Tg <0.5 ng/mL: Thyroglobulin (Tg) levels must be interpreted in the context of TSH levels, serial Tg measurements, and radioiodine ablation status. Undetectable Tg levels in athyrotic individuals on suppression therapy indicate a minimal risk (<1%-2%) of clinically detectable recurrent papillary/follicular thyroid cancer.
Tg > or =0.5 ng/mL to 2.0 ng/mL: Thyroglobulin (Tg) levels must be interpreted in the context of TSH levels, serial Tg measurements, and radioiodine ablation status. Tg levels of 0.5-2.0 ng/mL in athyrotic individuals on suppressive therapy indicate a low risk of clinically detectable recurrent papillary/follicular thyroid cancer.
Tg 2.1 ng/mL to 9.9 ng/mL: Thyroglobulin (Tg) levels must be interpreted in the context of TSH levels, serial Tg measurements and radioiodine ablation status. Tg levels of 2.1-9.9 ng/mL in athyrotic individuals on suppression therapy indicate an increased risk of clinically detectable recurrent papillary/follicular thyroid cancer.
Tg > or =10 ng/mL: Thyroglobulin (Tg) levels must be interpreted in the context of TSH levels, serial Tg measurements and radioiodine ablation status. Tg levels of > or =10 ng/mL in athyrotic individuals on suppressive therapy indicate a significant (>25%) risk of clinically detectable recurrent papillary/follicular thyroid cancer.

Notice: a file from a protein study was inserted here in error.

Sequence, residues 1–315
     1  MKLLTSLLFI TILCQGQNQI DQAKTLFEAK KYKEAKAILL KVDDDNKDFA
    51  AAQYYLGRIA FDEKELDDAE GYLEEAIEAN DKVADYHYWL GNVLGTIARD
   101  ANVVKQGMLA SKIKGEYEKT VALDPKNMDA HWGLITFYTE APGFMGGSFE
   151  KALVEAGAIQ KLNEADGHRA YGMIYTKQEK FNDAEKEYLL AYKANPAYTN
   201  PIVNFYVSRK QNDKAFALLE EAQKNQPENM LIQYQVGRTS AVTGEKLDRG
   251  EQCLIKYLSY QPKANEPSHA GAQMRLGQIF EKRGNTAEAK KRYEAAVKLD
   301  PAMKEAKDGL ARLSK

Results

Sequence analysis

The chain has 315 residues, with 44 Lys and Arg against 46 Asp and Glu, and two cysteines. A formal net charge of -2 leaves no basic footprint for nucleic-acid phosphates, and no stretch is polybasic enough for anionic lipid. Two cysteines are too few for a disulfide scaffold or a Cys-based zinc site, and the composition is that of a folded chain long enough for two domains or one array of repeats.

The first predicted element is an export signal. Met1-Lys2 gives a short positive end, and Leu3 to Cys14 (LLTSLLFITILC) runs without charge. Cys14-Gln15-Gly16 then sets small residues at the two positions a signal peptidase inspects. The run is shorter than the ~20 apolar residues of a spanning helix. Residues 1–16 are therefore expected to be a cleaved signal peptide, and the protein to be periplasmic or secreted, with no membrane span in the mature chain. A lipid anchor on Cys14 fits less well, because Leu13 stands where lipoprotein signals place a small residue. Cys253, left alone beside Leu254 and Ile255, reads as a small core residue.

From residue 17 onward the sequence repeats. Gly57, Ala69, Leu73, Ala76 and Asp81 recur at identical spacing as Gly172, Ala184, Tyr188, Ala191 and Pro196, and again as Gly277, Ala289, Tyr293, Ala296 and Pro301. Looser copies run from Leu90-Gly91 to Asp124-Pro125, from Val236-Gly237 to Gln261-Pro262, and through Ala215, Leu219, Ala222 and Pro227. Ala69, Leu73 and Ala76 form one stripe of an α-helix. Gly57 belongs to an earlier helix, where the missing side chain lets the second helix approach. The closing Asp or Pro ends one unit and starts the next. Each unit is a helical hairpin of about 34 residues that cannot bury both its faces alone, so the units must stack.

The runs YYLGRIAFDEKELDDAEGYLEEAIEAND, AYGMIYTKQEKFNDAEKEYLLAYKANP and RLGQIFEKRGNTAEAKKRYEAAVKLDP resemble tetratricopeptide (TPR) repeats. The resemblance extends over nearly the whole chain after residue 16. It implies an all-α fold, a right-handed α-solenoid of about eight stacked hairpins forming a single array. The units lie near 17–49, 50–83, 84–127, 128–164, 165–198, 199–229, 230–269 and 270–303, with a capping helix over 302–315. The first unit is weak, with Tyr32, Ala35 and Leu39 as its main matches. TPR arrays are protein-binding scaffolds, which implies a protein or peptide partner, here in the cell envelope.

1. Grebe SKG: Diagnosis and management of thyroid carcinoma: a focus on serum thyroglobulin. Exp Rev Endocrinol Metab 2009;4:25-43
2. Cooper DS, Doherty GM, Haugen BR, et al: Revised American Thyroid Association management guidelines for patients with thyroid nodules and differentiated thyroid cancer. Thyroid 2009;19:1167-1214
3. Pacini F, Catagana MG, Brilli L, Pehteroudakis G, on behalf of the ESMO Guidelines Working Group: Thyroid cancer: ESMO Clinical Practice Guidelines for diagnosis, treatment and follow-up. Ann Oncol 2010;21(Supplement 5):v214-v219
4. National Comprehensive Cancer Network (NCCN) guidelines for treatment of cancer by site: version 2.2013: Thyroid Carcinoma. Available at http://www.nccn.org. Accessed June 2014.
5. Tuttle, RM: Serum thyroglobulin in the management of differentiated thyroid cancer. Available at http://www.update.com. Accessed June 2014.